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The Starfish Home

Inspired by the story of the starfish, Amanda established an orphanage for unwanted, handicapped babies

image of A. de Lange with babies

One day, after a storm, an old man walking on the beach saw a young woman reaching down to the sand, picking up starfish and very gently throwing them into the ocean.

'Young lady,' he asked, 'Why are you throwing starfish into the ocean?'

'The sun is up, and the tide is going out, and if I do not throw them in they will die.'

'But young lady, do you not realize that there are miles and miles of beach and starfish all along it? You cannot possibly make a difference.'

The young woman paused and then bent down, picked up another starfish and threw it into the sea, saying, 'It made a difference for that one.'

This story inspired  Amanda de Lange and became the motto of her life.

I first met Amanda when she was assigned to my ward as a missionary with her companion, Lesley-Anne Elliott. She was a fun-filled person with a sunny disposition, and both missionaries were a pleasure to have in our home. Amanda was born in 1961 in Johannesburg, South Africa. She had a sister, Karen, and a brother, Chris, and had joined the Church of Jesus Christ of Latter-day Saints in Zimbabwe when she was 19.

After her mission Amanda went to BYU and earned a Bachelor of Science degree in 1996. In 2009 she received the BYU Distinguished Service Award for her work in China where she was founder and CEO of Starfish Children’s Services in Xi’an, providing care for orphans who had heart defects, cleft palates, and spina bifida.

Amanda had been working in Taiwan and saving money to attend graduate school in the United States when she accepted a teaching position in China. There she met a liaison for an orphanage that facilitated international adoptions. Amanda offered to volunteer and arranged visits for the next six months. During that time she secured a lucrative teaching position in Korea to help her with her Master’s degree, but within a week of her scheduled acceptance, she made a life-changing decision.

“I only had a few days to accept the job, but when I returned to the government orphanage, I became upset on behalf of a dying baby no one was helping. I felt terrible,” she says. When someone casually suggested she write a proposal to start her own care centre, she decided to forego moving to Korea and instead find a way to help the orphans.

“What were the odds that a foreigner would be given permission to start anything like this in China? I thought it was impossible,” she said. She was shocked when the orphanage and government accepted her petition just four days after submitting her proposal. By September 2005 she had opened Starfish, and been given access to unlimited babies.

One morning the orphanage delivered five girls and a boy to Starfish, which doubled as Amanda’s home. Three of the girls were malnourished and not expected to live, but under her care they thrived, received necessary surgeries, and were later adopted by families in the United States.

Little prepared Amanda for the job beyond her passion to save these children, her savings, and the basic Mandarin she had learned in Taiwan. Working up to 18 hours a day, Amanda was a hands-on CEO. She lived at the orphanage, paid the rent and bought the food, medicine, clothes and diapers with money solicited from people all over the world for 'her babies.'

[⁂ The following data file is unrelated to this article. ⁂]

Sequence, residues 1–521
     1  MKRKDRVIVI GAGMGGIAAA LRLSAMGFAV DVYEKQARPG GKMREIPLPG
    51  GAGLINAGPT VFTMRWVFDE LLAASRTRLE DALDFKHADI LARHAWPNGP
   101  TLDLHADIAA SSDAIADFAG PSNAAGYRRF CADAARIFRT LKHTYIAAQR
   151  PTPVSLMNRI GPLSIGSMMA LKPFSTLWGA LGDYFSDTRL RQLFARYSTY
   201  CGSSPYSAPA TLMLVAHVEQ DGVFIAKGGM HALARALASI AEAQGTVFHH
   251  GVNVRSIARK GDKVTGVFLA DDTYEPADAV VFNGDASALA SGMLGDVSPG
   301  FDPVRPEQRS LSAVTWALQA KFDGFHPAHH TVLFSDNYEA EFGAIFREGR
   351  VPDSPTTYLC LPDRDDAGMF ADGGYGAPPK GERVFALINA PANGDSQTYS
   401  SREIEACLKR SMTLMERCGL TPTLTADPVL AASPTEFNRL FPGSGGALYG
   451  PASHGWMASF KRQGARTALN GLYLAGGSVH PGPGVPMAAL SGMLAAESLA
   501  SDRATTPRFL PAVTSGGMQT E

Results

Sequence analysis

“My learning curve was enormous,” she says. “I was not medically or financially trained, and I didn’t know where to go and what to do in a foreign country. I was the only one there taking care of six babies, all under four months. I spent countless hours feeding, changing diapers, and doing laundry.”

“As I hunted for more resources, I eventually found medical teams who came to China,” she says. “I uncovered medical angels and dedicated donors.” She used her own savings to get started; after three years, she asked foundation administrators if she could take out some funds to live on, which amounted to about a quarter of the money she made as a student laundry worker at BYU. While she lived on almost nothing, she felt that her compensation was great. “Looking back, I can see the hand of the Lord very clearly guiding me,” she said. “So while I may never get a Master’s degree, my detour in China has forever changed my life and the lives of dozens of disabled and abandoned Chinese babies and toddlers.”

image of Amanda de Lange

In July 2012 Amanda died in Nashville, Tennessee of uterine cancer at the age of 51. Her dying message was: 'To the babies of Starfish, I want you to know that I have given it my best effort, my all. My life has been to care for and love you. Wherever you go in your lives, I wish you the very best. May you always be drawn to those in need and may you never forget that at a very critical time in your life there was someone there at the door to welcome you into the house. Be the change you want to see in the world.'

Her missionary companion, Lesley-Anne, had this to say of her: “She really left an amazing legacy. Many people's lives were changed because of her. Wouldn't it be great if people said the same about us? Let's hope we've also made and will continue to make an impact. I think the great lesson here is life was different than she had dreamed it would be but she found fulfillment in enriching the lives of others as opposed to wallowing in self-pity.”

Anyone can be a mother, even if you don't bear children.

Amanda’s last statement was, 'We’ve taken care of 168 foster kids, we’ve had almost 250 surgeries and 81 adoptions and that, my friend, pretty much sums up my life. Because other than that, what is really important? You boil it down and that’s the triumph of my life.”

“When ye are in the service of your fellow beings ye are only in the service of your God”

(Mosiah 2:17)